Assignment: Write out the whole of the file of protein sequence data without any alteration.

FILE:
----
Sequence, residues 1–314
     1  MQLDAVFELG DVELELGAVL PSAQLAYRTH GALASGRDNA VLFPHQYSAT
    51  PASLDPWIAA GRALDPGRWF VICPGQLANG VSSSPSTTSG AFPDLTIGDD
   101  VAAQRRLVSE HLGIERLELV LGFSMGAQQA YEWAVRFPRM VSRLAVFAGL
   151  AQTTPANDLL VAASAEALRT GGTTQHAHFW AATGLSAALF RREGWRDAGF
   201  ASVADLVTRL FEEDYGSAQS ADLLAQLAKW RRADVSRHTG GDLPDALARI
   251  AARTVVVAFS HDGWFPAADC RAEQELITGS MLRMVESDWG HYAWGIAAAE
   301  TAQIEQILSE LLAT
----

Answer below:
Sequence, residues 1–314
     1  MQLDAVFELG DVELELGAVL PSAQLAYRTH GALASGRDNA VLFPHQYSAT
    51  PASLDPWIAA GRALDPGRWF VICPGQLANG VSSSPSTTSG AFPDLTIGDD
   101  VAAQRRLVSE HLGIERLELV LGFSMGAQQA YEWAVRFPRM VSRLAVFAGL
   151  AQTTPANDLL VAASAEALRT GGTTQHAHFW AATGLSAALF RREGWRDAGF
   201  ASVADLVTRL FEEDYGSAQS ADLLAQLAKW RRADVSRHTG GDLPDALARI
   251  AARTVVVAFS HDGWFPAADC RAEQELITGS MLRMVESDWG HYAWGIAAAE
   301  TAQIEQILSE LLAT